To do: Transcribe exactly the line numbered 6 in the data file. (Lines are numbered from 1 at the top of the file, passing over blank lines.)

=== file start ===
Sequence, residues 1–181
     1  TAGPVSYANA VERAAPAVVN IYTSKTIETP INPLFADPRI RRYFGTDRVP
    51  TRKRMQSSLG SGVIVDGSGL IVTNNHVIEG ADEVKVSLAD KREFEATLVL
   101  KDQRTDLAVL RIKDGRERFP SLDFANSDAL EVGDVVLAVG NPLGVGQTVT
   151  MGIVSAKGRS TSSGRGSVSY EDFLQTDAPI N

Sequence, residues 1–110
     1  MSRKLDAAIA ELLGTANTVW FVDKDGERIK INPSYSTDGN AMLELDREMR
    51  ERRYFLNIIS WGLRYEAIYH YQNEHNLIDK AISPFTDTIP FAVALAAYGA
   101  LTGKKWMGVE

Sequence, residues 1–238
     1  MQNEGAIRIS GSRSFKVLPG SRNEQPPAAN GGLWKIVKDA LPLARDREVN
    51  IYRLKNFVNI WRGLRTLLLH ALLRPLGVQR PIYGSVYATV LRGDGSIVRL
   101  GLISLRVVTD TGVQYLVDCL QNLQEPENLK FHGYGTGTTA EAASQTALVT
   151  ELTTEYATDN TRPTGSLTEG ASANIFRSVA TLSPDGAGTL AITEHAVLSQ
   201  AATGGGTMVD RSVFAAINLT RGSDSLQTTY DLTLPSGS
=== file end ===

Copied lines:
Sequence, residues 1–110